A new study by the University of Pretoria, Duke University and Elephants Without Borders has highlighted the importance of reconnecting elephant habitats by opening safe corridors for elephants dispersal in Southern Africa.
The recent study published in the scientific journal PLoS ONE underscores the importance of reconnecting elephant habitats through safe corridors.
Using satellite telemetry data in about 1.2 million locations, the researchers tracked 261 elephants across southern Africa showing that natural features limit elephants movement further identifying human factors, such as fences that prevent or restrict their dispersal.
The paper focusses on southern Africa (Angola, Botswana, Malawi, Mozambique, Namibia, South Africa, Zambia, and Zimbabwe), which spans nearly 7 million km2 and contains approximately 80% of the world’s savannah elephants mostly living on about 900,000 km2 of protected areas.
A press release issued by Elephant Without Boarders on 17 October underscored that the study considers the prospects for improving connections between protected areas that harbour the remaining elephant populations of the region.
‘’ In essence, elephants are not demanding. They need space, water, grass, and trees, as well as freedom from harassment. However, savanna Africa is no longer theirs. People now dominate 80% of the land they used to live on prior to colonial developments. Their compression into protected areas benefits them, but not for long, as confinement creates problems. Confinement to protected areas and the fragmentation of the once continuous population, have adverse demographic and genetic consequences for elephants, all which are against the first principles of conservation. We therefore urgently need a solution. ‘’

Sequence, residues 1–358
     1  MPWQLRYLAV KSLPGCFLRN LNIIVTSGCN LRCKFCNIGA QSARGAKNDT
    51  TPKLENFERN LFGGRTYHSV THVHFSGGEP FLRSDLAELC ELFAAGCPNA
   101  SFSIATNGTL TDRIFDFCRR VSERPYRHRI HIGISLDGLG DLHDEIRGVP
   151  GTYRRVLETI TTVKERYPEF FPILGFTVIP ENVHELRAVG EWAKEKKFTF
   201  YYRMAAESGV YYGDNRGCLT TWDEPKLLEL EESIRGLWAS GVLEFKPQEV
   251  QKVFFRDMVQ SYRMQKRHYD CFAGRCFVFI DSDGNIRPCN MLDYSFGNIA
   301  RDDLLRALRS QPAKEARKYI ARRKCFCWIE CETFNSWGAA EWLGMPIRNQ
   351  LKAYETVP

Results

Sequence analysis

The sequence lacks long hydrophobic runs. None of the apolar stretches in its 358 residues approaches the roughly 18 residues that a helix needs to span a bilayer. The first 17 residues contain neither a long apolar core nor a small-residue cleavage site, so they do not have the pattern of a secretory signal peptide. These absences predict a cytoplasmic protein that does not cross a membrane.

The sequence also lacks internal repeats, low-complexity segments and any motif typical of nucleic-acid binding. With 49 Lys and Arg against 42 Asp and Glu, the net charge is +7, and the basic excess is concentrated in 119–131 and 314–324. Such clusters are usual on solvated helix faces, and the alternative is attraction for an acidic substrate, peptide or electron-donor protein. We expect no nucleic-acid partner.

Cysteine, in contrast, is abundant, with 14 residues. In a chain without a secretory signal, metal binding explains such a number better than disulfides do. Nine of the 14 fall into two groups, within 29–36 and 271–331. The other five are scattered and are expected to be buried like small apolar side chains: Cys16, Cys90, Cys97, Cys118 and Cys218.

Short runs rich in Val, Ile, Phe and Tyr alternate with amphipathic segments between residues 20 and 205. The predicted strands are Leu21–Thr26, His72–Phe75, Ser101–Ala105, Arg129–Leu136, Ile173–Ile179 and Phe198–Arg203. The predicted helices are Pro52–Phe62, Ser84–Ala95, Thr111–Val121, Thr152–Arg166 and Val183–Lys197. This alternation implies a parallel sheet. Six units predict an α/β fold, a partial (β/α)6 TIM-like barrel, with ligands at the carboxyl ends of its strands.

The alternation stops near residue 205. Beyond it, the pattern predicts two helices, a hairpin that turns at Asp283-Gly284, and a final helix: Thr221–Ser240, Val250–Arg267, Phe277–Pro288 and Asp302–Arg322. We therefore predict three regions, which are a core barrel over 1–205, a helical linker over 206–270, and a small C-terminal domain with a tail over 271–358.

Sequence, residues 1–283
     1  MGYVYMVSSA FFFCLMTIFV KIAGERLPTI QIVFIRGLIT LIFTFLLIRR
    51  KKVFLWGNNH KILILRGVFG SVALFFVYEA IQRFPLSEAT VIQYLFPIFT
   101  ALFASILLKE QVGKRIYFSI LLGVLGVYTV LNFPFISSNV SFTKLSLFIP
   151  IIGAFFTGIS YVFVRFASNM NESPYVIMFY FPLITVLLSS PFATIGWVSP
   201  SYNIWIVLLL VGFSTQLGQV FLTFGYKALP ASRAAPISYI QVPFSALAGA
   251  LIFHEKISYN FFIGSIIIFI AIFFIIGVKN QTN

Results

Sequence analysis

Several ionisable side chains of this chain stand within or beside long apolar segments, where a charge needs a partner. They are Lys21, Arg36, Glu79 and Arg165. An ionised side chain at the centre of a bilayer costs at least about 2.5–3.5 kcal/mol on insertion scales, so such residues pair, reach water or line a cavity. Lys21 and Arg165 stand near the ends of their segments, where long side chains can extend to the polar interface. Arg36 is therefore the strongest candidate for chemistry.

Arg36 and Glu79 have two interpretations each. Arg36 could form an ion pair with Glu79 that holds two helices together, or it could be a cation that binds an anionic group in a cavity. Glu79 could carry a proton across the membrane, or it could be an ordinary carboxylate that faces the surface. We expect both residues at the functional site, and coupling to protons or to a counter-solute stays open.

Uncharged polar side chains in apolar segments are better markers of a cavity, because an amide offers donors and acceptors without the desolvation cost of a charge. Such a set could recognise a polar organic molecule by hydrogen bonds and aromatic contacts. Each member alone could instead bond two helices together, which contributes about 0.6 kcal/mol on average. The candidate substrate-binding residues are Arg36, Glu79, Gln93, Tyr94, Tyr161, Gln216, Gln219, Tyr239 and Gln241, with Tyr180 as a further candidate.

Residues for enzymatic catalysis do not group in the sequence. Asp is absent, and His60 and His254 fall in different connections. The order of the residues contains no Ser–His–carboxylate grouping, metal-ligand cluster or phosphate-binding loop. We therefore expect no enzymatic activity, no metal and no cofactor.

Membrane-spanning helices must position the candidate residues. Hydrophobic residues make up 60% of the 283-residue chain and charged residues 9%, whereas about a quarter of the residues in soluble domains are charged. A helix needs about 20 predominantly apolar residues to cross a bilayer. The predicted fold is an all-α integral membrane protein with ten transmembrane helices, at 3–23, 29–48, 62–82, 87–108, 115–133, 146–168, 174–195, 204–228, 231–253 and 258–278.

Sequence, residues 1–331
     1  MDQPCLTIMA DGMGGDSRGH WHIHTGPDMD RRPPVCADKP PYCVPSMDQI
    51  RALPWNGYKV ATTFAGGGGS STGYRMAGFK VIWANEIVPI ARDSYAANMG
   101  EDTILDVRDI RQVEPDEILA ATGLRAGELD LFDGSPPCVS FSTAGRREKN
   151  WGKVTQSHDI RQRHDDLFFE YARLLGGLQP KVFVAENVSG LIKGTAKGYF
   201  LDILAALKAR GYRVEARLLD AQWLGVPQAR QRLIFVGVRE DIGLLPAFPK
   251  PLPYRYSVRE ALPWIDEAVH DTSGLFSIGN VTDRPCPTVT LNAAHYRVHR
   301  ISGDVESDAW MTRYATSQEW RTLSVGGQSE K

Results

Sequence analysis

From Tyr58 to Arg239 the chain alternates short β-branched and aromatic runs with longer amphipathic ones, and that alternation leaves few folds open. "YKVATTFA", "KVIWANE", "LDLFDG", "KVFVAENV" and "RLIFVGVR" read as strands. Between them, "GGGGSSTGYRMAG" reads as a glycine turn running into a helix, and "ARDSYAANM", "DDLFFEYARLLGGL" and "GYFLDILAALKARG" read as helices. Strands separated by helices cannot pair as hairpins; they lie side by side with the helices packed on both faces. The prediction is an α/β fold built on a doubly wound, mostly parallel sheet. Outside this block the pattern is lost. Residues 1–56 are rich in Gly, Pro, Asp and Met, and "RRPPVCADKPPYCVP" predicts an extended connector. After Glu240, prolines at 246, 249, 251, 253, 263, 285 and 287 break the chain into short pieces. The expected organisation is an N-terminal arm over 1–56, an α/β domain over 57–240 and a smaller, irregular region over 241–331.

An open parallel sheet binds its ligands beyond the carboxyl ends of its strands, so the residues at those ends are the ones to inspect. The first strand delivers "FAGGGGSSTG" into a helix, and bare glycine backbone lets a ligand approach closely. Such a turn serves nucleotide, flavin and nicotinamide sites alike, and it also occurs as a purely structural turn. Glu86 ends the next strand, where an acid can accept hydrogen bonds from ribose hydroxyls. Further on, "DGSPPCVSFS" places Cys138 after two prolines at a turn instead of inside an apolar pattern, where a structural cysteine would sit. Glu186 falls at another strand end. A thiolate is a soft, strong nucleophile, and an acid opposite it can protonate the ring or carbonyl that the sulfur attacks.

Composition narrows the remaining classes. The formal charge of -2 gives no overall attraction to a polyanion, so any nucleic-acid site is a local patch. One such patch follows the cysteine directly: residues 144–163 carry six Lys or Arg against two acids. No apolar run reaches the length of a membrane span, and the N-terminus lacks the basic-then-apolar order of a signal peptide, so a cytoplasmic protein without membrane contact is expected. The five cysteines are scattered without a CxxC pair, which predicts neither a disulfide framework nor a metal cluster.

The researchers advises that reconnecting nature offers a solution reiterating that the resulting connectedness and enlargement of protected estates agrees with the guiding principles of the Global Deal for Nature (GDN) to enhance the connectivity of protected areas to improve population viability and persistence, especially of large-bodied herbivores.
For many parts of Africa, the answer of whether it is possible to reconnect elephant populations into a more robust metapopulation is not only dependent on environmental or anthropogenic limitations but rather on socio-political will.
‘’Will governments cooperate? If so, where and what are the constraints to be considered: fences, water, terrain, suitable and safe habitat, communities and cattle, open corridors or is it mainly sociopolitical will? These are undoubtedly difficult questions, but we must pose them when seeking connectivity across a continent’’ states the press release.
They further underscore that the network of protected areas provides a foundation warning that however long-term population stability will be difficult at best without the dispersal of elephants.
‘’In cooperation with local communities and governments, protecting the connections identified here for elephant dispersal may represent some of our best chances at a sustainable future for elephants’’ it concluded.